Once you've plugged it in and set it up, here are the first things to try with it.
1. Decide where to put it
First, figure out where in your home the Home Hub will live.
Because it doesn't have a camera, unlike the Echo Show ($230 at Best Buy) or Facebook Portal, you may feel more comfortable keeping the Hub in a bedroom than some devices. It works well on your nightstand, showing you relevant info when you wake up, such as the weather, your calendar and traffic on your commute. The ambient light sensor dims the screen at night so it'll be less disruptive to your sleep.
The kitchen is a great option, since thebaked right in -- you can call up guided recipes or access YouTube instructional videos with a voice command. More on that later.
When picking a spot, also consider one of the Home Hub's most useful features: It serves as a smart digital photo frame. That means you may want to keep it in a room where you often view or share snapshots, like a family room, den or home office.
2. Download the Google Home app
The recently revamped Google Home app (Android and iOS) is essential -- you can't complete the setup process without it.
It's the main nerve center for your Home Hub, plus it links to other connected smart home devices. Download the software on the phone or tablet you use most.
3. Teach the Hub to recognize your voice
Voice commands are a large part of how you interact with Google's Home devices, and the Home Hub is no exception. Google Assistant also has the power to .
That means that when you ask about your calendar events, you'll get results from your own account. When someone else asks the same question, their results are displayed instead. You can get personalized answers to vocalized questions about your agenda, local weather, curated news reports, entertainment and other things. (However, be aware that.)
We have a full how-to guide on.
4. Give your kids access to Google Home
For Google Assistant to give personalized info to everyone in your home, they'll need their own personal Google accounts. For kids under 13 years old, Google has created the Family Link app. It gives parents a way to create Google accounts for their young children and offers numerous parental controls. That includes blocking or allowing the use of specific apps and enabling SafeSearch (which filters out mature search results). Family Link also lets parents turn Google Assistant off entirely for specific accounts.
5. Set some downtime
There are times when the Google Home Hub can be a distraction, even downright disruptive. Kids' bedtime and family meals are prime examples. Thankfully, the Google Home app offers a way to limit access to Google Assistant across one or all Google Home devices.
Open the app, then tap the icon for your Home Hub. Next tap the gear icon for Settings > Digital wellbeing > Set up. At this point the app asks if you'd like to enable content filters, or to skip ahead. Skipping takes you to the Schedule Downtime menu screen. There you can enable custom schedules that'll turn Google Assistant on and off.
6. Filter content
Since the Home Hub has a screen, you can use it to watch videos on YouTube. If you want to prevent your kids from watching certain kinds of videos, you can set up filters.
For instance, you can filter out explicit video and music from search results, or block access to them altogether. You can also block phone calls, answers to questions, Google actions and games (from Google or third parties).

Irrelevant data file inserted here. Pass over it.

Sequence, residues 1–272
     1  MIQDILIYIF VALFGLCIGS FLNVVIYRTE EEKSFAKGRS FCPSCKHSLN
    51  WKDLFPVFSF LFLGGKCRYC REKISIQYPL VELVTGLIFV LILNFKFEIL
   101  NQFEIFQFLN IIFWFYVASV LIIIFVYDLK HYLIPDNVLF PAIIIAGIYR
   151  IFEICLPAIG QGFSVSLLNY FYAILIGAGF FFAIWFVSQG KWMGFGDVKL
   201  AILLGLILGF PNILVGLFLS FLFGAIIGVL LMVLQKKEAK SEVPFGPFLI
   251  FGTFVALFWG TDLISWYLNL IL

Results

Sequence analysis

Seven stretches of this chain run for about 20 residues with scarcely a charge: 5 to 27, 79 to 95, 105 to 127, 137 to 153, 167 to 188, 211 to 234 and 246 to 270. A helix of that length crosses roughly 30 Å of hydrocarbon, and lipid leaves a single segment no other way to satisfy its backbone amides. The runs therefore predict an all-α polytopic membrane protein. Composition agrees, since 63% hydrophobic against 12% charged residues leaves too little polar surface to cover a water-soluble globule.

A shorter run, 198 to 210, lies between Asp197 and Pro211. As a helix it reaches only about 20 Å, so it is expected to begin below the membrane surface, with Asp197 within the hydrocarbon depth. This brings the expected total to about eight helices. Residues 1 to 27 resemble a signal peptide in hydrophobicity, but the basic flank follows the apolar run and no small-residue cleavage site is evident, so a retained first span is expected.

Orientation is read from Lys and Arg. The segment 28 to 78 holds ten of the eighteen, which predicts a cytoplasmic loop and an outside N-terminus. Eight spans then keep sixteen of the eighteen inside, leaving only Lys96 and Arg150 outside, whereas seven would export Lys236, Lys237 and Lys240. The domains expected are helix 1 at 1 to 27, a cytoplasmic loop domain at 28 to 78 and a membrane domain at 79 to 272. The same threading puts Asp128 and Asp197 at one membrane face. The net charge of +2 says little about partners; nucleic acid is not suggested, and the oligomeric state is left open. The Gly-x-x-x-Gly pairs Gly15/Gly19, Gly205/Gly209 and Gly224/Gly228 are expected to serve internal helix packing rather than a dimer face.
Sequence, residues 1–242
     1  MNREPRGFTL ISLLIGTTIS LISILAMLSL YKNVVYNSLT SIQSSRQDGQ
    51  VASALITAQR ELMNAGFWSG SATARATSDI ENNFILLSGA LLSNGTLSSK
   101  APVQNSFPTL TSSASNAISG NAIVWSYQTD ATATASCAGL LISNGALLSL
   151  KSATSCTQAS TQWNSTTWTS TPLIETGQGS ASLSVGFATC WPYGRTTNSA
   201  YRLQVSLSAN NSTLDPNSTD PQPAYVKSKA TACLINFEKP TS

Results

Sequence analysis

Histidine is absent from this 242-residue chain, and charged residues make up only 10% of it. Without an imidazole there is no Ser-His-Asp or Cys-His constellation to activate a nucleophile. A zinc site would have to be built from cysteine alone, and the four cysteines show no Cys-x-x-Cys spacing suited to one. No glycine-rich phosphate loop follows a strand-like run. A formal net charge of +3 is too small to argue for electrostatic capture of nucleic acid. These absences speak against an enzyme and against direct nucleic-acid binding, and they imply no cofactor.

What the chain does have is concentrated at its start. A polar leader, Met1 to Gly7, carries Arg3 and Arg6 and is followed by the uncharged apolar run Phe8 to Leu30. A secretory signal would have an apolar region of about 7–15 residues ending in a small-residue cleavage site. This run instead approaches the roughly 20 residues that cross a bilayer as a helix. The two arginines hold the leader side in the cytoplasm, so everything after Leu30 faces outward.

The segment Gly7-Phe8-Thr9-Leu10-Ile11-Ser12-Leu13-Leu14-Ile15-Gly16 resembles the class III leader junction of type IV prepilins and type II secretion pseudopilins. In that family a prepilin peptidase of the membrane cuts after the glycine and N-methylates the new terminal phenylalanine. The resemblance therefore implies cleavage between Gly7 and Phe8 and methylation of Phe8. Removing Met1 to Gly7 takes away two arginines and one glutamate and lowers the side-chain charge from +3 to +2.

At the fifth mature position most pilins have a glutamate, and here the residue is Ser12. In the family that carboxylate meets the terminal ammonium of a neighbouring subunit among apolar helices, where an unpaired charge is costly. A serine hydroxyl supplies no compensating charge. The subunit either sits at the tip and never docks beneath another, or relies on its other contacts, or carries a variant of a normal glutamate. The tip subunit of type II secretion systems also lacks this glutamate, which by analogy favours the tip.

You have the option to limit content for everyone, or just "supervised accounts" -- ones managed by Family Link. You can set these restrictions on all devices, or single out particular ones.
In the Google Home app, go to Settings > Digital wellbeing > Set up to create filters.
7. Control your smart home
Whether you own a single smart bulb, or legions of smart home devices, your.
Swipe down from the top of the Hub's screen to expose the Home View menu. A row of icons and text shows categories of devices around the house. You'll find categories like "lights," "thermostats," "cameras" and "locks." Hit any of the icons to jump into basic control menus for them.
Tapping the "view rooms" button pulls up a list of your smart items, but organized by room assignment instead. The Hub will only show products and appliances you've linked to the Google Home app. You can always add more, including third-party gadgets, through the app.
From the app home screen, tap Add > Set up device. Remember to have your account info handy since the app will prompt you for it.
8. Set up a screensaver
The Google Home Hub's killer feature is "ambient mode," particularly when paired with Google Photos.
Like a screensaver, the function transforms the display into a slick digital photo frame. In the Google Home app, select your Home Hub. Then tap Personalize ambient > Google photos > Select family and friends.
Now choose people you'd like to showcase. They should all be grouped by faces, and possibly names if you've previously tagged them in the Google Photo app.
Google Assistant then takes the "best" photos of the people you choose and builds a slideshow that will cycle through on the Home Hub screen. And, since the app recognizes faces, any new photos you take and upload to Google Photos will appear in this gallery automatically. That's what I call family-friendly.
9. Get cooking
With a Home Hub, you might not need to open a cookbook ever again. Ask it for recipes for just about anything, and it will give you step by step instructions for thousands of recipes online.
Check out exactly how it works in this slideshow:
Everything you need to know to live smarter.
Smart Home 101: How to create your own smart home.